John R. Maze provides a radical psychoanalytic reading of the life-historical and psychopathological themes underlying the intellectual and emotional force of Virginia Woolf's novels. Her repeated, progressive attempts at literary self-analysis yielded many years of original, insightful, and influential creativity, but were subverted in the end by intractable unconscious self-destructive impulses.
Writing on the Moon: Stories and Poetry from the Creative Unconscious by Psychoanalysts and Others is a collection of the best works published over the past fifteen years in the Creative Literary Section of Psychoanalytic Perspectives, along with imaginative introductions by the author. Some writings are raw and honest, some are dark and access our primal being. Others, filled with beauty, illuminate the internal life, the playful mind, and unconscious doodlings that might otherwise remain unformulated.
The concept of genius has been a subject of much speculation and debate since the eighteenth century. However, in a world obsessed with creative genius and the possibilities of the human imagination, the actual workings of the creative process and its psychological underpinnings remain a mystery. In On Creativity, a group of experts seeks to unlock this enigma.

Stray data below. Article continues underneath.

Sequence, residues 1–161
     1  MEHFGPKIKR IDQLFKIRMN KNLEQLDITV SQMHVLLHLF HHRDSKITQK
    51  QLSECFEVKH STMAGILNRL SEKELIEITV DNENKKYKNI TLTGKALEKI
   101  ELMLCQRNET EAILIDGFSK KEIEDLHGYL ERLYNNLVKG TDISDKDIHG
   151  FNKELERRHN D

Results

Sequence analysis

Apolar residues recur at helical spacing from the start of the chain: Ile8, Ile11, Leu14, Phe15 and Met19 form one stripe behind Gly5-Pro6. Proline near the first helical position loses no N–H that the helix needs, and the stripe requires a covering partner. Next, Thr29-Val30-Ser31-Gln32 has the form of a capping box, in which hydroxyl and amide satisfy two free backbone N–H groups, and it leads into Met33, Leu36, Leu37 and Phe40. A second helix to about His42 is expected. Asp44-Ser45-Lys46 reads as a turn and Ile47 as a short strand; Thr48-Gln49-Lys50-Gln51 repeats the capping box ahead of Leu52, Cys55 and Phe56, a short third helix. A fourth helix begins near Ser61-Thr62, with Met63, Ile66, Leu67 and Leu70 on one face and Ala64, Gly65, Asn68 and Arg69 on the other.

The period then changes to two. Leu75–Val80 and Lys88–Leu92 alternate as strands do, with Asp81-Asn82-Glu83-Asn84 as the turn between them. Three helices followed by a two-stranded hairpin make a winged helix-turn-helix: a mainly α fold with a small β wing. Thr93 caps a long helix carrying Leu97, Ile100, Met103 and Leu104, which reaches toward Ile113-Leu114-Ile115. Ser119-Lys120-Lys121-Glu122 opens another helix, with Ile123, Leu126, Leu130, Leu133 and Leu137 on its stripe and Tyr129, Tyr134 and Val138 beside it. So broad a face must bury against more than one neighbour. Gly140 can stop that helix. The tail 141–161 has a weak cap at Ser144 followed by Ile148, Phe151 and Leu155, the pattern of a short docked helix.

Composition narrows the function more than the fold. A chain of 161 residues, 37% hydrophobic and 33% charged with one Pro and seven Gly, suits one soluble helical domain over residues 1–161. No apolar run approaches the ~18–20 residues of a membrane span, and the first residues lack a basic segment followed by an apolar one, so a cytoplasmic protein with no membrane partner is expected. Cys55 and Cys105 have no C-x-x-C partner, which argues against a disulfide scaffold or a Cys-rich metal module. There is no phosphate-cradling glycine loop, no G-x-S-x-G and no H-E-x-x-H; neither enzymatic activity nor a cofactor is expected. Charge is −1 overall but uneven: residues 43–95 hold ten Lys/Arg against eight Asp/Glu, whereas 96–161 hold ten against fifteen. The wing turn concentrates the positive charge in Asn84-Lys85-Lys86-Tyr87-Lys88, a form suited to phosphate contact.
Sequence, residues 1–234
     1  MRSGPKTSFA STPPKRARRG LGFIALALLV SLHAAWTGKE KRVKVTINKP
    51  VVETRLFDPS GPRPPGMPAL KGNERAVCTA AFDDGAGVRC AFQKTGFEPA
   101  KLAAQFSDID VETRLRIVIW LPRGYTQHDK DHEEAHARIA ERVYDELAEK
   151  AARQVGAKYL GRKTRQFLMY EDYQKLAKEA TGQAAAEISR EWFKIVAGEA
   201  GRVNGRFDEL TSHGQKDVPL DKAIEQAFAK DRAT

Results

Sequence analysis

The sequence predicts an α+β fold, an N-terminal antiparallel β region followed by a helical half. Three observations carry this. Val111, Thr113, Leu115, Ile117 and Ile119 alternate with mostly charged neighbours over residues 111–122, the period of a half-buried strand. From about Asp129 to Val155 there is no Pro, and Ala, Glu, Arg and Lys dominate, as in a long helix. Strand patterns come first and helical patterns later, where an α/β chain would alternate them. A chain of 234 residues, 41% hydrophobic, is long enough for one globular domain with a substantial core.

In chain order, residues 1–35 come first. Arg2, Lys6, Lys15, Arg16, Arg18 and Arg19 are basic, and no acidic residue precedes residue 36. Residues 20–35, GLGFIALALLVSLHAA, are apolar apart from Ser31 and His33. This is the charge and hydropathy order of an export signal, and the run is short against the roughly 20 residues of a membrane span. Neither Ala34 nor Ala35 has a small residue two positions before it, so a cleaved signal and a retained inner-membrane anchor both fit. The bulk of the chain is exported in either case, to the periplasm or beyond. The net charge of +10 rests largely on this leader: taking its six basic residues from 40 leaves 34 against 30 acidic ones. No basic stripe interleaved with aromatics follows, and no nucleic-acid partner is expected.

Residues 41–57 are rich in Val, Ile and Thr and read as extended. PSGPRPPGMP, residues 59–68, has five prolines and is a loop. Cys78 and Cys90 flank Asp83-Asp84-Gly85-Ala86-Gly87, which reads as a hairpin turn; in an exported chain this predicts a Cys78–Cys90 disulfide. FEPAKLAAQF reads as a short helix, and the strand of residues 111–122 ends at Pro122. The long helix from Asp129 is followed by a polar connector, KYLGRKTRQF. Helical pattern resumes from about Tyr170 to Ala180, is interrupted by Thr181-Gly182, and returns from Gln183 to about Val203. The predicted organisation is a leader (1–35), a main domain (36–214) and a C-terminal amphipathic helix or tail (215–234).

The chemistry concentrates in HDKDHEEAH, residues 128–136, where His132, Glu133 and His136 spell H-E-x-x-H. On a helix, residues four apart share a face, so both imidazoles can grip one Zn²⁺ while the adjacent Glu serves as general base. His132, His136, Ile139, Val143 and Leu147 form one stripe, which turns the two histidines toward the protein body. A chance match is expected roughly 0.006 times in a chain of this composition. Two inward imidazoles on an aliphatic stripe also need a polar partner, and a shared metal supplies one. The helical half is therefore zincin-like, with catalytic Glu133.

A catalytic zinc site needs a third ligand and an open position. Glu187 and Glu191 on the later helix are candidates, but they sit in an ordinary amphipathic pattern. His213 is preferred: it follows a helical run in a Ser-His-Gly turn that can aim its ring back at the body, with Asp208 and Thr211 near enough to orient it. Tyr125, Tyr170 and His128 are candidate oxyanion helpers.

This is a 3-book bundle, which addresses various subtopics, including but not limited to these: Book 1: The power of our minds stretches far beyond our current comprehension. No matter how much science keeps progressing, they still find new wonders of the human brain. One of the reasons for this, is that the subconscious mind suppresses and exposes many impulses and neural pathways that we don’t generally notice in our daily lives. Book 2: In order to tap into the amazing abilities of our brains, it can help to first understand how they work. This guide will aid you in your journey to comprehension. Some things that will be discussed, are how our subconscious mind procrastinates things, mind wandering and its significance, daily escapes, predispositions that shape our thoughts, creative skills, and free choice as a gift of nature. Book 3: Do you know what the seven keys are to think better? And do you understand the advantages of creative visualization? Many people have no clue what’s going on inside their minds. And even though I cannot promise that this book can explain every thought and every idea or imagination, it will definitely give you new insights that help you get a firmer grasp of the neurological connections your brain is making.